Nowadays, we are experiencing the first deployments of 5G networks by major operators. These deployments and the technology available on the market (mobile devices, modems, etc.) mainly cover enhanced mobile broadband services. This may lead many people to think that 5G is only here to make our mobiles “go faster”, leaving aside the most important aspects: new use cases, new sectors interested in and involved with the development of the technology, more specific (and complex) aspects and problems… there is much more. On the other hand, someone can also get the impression that “5G technology is already done”, when there’re actually many aspects to design and develop. There is still a long way to go, 5G technologies we can have at present are not the ones we will enjoy in a few years to come, but the proper steps are being taken in the right direction.

What will be the big change for businesses? And for society?

LPR: That’s the big question and, obviously, a difficult one. The advent of 5G technology is going to be a change in our daily life, both for companies and for ourselves as users, but this change is going to tie in with many other factors. We must comprehend 5G as an enabling technology when combined with others -IoT, Big Data, Artificial Intelligence, Intelligent Video Analytics-, will become a very powerful tool for different use cases: in the automotive sector, 5G will be one of the pillars to allow totally autonomous driving and provider of new mobility and security services on the roads; in the industrial sector, it will become the unified communications platform to increase efficiency and quality in production and a reduction in the environmental impact; the 5G technology will allow infrastructure inspection and surveillance work in different environments using drones, carrying out real-time surveys to detect possible defects or threats, reducing costs and improving security.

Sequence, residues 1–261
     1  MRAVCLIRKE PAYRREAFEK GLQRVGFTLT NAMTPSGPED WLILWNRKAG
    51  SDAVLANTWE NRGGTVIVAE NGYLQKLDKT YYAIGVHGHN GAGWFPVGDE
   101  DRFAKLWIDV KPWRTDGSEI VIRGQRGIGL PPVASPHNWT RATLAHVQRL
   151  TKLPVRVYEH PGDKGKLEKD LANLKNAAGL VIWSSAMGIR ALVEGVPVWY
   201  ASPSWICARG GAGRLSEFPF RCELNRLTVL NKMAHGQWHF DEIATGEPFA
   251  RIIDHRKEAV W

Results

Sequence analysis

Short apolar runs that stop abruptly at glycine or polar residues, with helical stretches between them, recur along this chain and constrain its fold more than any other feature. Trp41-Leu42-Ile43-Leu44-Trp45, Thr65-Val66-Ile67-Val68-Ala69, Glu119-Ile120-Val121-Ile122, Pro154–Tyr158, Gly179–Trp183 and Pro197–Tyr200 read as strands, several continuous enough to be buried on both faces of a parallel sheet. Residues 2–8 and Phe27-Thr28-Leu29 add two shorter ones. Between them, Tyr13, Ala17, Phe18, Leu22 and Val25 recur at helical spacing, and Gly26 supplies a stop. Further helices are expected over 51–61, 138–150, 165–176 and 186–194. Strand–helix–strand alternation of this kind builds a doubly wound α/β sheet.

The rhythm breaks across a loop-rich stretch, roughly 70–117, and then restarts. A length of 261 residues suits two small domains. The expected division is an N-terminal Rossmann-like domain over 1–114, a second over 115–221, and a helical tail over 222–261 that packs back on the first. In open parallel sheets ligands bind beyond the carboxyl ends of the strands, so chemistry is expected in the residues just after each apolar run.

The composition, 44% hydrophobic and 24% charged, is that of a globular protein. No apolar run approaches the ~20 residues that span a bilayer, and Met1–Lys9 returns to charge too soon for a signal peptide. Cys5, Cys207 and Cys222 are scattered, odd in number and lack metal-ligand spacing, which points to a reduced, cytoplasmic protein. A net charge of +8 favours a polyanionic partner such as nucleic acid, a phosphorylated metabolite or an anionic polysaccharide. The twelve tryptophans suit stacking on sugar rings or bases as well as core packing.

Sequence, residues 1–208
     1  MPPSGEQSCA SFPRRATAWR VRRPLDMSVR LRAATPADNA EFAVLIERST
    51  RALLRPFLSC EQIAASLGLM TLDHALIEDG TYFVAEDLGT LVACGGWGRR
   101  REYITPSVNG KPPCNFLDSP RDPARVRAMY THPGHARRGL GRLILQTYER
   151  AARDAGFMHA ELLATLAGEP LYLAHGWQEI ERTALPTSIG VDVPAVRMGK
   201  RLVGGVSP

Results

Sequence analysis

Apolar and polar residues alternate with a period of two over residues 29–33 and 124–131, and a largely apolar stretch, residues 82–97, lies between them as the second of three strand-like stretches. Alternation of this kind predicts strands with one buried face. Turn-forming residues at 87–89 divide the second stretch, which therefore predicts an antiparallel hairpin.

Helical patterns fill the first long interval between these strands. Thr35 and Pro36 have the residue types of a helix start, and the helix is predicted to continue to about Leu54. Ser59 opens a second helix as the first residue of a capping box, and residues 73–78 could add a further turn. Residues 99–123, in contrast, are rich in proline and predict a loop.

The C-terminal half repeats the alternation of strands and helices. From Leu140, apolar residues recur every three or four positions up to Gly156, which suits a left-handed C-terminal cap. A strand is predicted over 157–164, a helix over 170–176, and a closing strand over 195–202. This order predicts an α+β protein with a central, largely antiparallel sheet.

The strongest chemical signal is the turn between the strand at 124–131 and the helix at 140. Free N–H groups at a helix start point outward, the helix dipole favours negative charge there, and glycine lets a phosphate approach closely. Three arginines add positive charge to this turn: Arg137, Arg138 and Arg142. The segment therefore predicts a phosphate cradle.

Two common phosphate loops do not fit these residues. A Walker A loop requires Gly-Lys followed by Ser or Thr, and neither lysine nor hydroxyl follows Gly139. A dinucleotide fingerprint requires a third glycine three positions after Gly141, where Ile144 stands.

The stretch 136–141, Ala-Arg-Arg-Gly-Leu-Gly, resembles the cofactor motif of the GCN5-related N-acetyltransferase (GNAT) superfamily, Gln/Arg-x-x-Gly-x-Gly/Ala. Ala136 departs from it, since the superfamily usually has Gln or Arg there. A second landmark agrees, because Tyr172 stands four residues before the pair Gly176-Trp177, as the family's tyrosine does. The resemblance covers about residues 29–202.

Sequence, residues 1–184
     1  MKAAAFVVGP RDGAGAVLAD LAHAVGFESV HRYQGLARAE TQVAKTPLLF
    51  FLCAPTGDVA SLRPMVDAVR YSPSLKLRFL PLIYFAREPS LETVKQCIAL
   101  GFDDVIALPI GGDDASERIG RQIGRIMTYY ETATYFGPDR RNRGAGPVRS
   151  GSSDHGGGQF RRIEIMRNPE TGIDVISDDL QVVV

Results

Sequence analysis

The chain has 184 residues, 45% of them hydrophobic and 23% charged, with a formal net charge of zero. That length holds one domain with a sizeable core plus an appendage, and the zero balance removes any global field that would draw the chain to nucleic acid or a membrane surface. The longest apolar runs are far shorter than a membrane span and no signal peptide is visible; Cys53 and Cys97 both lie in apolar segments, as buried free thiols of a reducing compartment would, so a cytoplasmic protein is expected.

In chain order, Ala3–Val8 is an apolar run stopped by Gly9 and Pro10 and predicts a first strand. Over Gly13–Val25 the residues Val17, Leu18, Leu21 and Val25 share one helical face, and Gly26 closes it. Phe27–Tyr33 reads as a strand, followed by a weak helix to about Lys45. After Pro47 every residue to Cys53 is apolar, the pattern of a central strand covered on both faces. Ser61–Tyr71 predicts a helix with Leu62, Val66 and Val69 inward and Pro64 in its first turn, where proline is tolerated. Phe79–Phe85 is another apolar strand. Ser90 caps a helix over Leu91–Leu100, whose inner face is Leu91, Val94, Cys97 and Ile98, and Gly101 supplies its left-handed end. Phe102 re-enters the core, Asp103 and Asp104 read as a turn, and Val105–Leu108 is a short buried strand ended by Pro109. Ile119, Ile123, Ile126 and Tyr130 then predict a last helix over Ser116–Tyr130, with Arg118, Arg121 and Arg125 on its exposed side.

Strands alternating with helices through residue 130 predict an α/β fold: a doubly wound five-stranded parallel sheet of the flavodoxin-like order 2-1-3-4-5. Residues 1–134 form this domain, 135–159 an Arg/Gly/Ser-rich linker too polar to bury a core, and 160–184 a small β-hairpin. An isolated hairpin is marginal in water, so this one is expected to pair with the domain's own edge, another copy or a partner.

Despite I commented before that many of the most important features of 5G technologies are designed for different production sectors, there are also multiple use cases of interest to personal users that may seem futuristic but are closer to reality than we might think. For instance, 5G tech will allow the use of virtual reality and augmented reality for the 3D reconstruction of historical monuments and scenes in real environments or create new personalized ways to enjoy sports and music events.

Currently, several pilot projects are being carried out in Galicia with 5G technology to test its capabilities as an enabling technology for different use cases, through public-private collaboration. In the end, the support of the administrations, the involvement of the operators and the work of the companies and technology centres is essential to develop and put into value the solutions to demonstrate that 5G has the capacity to improve the productive fabric and respond to the demands of society.

What does a company need to incorporate this technology into processes? What will 5G networks allow us to do?

LPR: At present, virtually no business is viable without reliable and fast communications networks. This dependence will grow if we take into account the context of digital transformation all industrial sectors already find themselves in. Some people say that 5G technology will be one of the enablers of the 4th industrial revolution.

For a successfully implementation of new 5G-based services, they have to be appropriately designed and adapted not only according to the characteristics of each sector, but also to specific needs of each company. It may be immediate to think about the application of 5G technology in large companies at a national and international level, but SMEs cannot be left out of this process, as they can benefit from it in production processes optimization, logistics management or customer relations. 5G launch will be progressive and will give early adopters a competitive advantage, so it is important not to be left behind and start thinking about the role this technology can play inside our business. We must also keep an eye on the fact that 5G technologies may in some cases replace other technologies that currently rely on private communication networks (both wired and wireless), and the implications for example in cybersecurity. Finally, we cannot fail to mention that 5G, largely thanks to virtualization, will open the door to new business models, even enabling the entry of new service providers between the operator and the end companies.

What are the main actors in 5G? ‘Who’ is building it?

LPR: There are currently many worldwide initiatives (in Europe, the United States, Korea, China…) working on the development of 5G mobile technology.